23. 23. ‘ Meta-Commentary’ PRACTICE <ul><ul><ul><li>Significance of your views </li></ul></ul></ul><ul><ul><ul><ul><li>Has Ellis answered the question, “Who cares?” </li></ul></ul></ul></ul><ul><ul><ul><ul><li>¶6: In summary, what this interna-tional tour de force might mean for Namibia is, firstly, that we should celebrate multilingualism…. </li></ul></ul></ul></ul><ul><ul><ul><ul><li>Can you add 2 examples of meta-commentary that E. might make? </li></ul></ul></ul></ul>
    24. 24. TITLE Practice <ul><li>Does Ellis’s title indicate the content? </li></ul><ul><li>Can you create a more interesting title with a colon? </li></ul>
    25. 25. C. COHESION <ul><li>Connectors </li></ul><ul><ul><li>Transitional words: although, after all, consequently, admittedly, for example (depend on function) </li></ul></ul><ul><ul><li>Pointing words: this, that, their, such </li></ul></ul><ul><ul><li>Key words (depend on subject) & synonyms (especially repetitions) </li></ul></ul>
    26. 26. COHESION PRACTICE <ul><ul><ul><li>Connectors </li></ul></ul></ul><ul><ul><ul><ul><li>In Ellis’s writing, underline all transitional words, key words, and pointing words & synonyms </li></ul></ul></ul></ul><ul><ul><ul><ul><li>¶ 1(1) ¶ 3(4) ¶ 4(4) ¶ 5(1) </li></ul></ul></ul></ul>
    27. 27. IV. Top-down, ‘Moves’ Level <ul><li>Both analytical and generative </li></ul><ul><li>Helps identify and create major sections or functions (‘moves’) of a research paper </li></ul><ul><li>Much homogeneity across genres </li></ul>
    28. 28. IMRD Structure of Res. Paper
    29. 29. <ul><li>In pairs, try to do sentence scramble for Introduction to an RP in physics </li></ul>
    30. 30. CARS Model for Introductions Applied to Eakins RP <ul><li>Move 1: Establishing a territory </li></ul><ul><ul><li>a ) by showing that the general research area is important, central, interesting, problematic, or relevant in some way (optional) </li></ul></ul><ul><ul><li>b) by introducing and reviewing items of previous research in the area (obligatory) </li></ul></ul><ul><li>(can have author or subject orientation) </li></ul>
    31. 31. Move 2: Establishing a Niche (at least one is obligatory) <ul><ul><li>a) by indicating a gap in the previous research, </li></ul></ul><ul><ul><li>b) by indicating an error, or </li></ul></ul><ul><ul><li>c) by extending previous knowledge in some way </li></ul></ul>
    32. 32. Move 3: Occupying the Niche <ul><ul><li>by outlining purposes or stating the nature of the present research (obligatory) </li></ul></ul><ul><ul><li>by listing research questions or hypotheses (PSIF) </li></ul></ul><ul><ul><li>by announcing principal findings (PSIF) </li></ul></ul><ul><ul><li>by stating the value of the present research (PSIF) </li></ul></ul><ul><ul><li>by indicating the RP structure (PSIF) </li></ul></ul>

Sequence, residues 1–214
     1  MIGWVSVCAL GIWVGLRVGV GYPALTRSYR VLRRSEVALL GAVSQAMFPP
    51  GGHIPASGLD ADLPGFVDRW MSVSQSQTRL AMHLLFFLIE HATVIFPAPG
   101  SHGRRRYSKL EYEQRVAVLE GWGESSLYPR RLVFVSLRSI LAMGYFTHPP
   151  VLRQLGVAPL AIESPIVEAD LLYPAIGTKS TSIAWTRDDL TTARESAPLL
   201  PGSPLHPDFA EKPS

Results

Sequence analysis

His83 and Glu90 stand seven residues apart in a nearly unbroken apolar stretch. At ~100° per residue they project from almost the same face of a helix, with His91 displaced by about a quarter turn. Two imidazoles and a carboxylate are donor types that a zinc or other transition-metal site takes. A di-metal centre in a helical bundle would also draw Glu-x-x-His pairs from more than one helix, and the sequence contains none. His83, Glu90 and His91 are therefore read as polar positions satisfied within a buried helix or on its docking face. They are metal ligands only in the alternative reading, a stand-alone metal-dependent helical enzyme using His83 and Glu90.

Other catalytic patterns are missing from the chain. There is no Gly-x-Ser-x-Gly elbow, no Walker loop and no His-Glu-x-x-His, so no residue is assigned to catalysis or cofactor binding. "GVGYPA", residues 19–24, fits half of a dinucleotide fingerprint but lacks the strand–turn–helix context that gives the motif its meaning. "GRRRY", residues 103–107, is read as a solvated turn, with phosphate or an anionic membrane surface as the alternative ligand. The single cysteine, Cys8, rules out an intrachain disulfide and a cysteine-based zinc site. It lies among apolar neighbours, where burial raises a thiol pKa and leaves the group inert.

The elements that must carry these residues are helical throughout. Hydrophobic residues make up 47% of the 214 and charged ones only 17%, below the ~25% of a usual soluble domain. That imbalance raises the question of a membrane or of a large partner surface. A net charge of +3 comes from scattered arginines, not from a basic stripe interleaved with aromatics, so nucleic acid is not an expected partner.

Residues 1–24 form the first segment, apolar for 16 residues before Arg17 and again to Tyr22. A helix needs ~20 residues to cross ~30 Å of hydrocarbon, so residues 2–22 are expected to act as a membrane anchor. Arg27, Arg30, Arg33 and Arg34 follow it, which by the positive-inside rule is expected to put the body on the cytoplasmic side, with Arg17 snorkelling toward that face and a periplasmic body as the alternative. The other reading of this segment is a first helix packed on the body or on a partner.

33. 33. Eakins & “Marsh” Pictures <ul><li>Divide Sentences 1-7, 8-10, 11-12 into 3 basic moves </li></ul><ul><li>Divide Move 1 into 1a, 1b? </li></ul><ul><li>What kind of Move 2? </li></ul><ul><li>What kind of Move 3? </li></ul><ul><li>Underline wds. in Sents. 1-4 used to establish research territory </li></ul>
    34. 34. Answer Key for Eakins Intro. <ul><ul><li>Move 1b (research review) begins w/ Sentence 2 </li></ul></ul><ul><ul><li>Move 2a (gap) begins w/ Sentence 8 </li></ul></ul><ul><ul><li>Move 3a (nature of present research) begins w/ Sentence 11 </li></ul></ul><ul><ul><li>[ one of the greatest, over the last thirty years, many studies, major exhibition devoted…,his best known pictures, compositional brilliance, deep insight into character] </li></ul></ul>
    35. 35. Physics RP Intro. Unscrambled <ul><li>Adapted from S. Kelham & H.H. Rosenburgh, Journal of Physical Chemistry: Solid State Physics, 14, qtd. in Swales (2004). </li></ul><ul><li>7--6--2--4--3--1--5--8 </li></ul>
    36. 36. <ul><li>(7) THE THERMAL CONDUCTIVITY AND SPECIFIC HEAT OF EPOXY RESIN FROM 0.1 TO 80K. </li></ul><ul><li>(6) The thermal properties of glassy materials at low temperatures are still not completely understood. [Move 1a] </li></ul><ul><li>(2) The thermal conductivity has a plateau which is usually in the range from 5 to 10K, and below this temperature it has a temperature dependence which varies approximately as T2. [1a-General knowledge] </li></ul>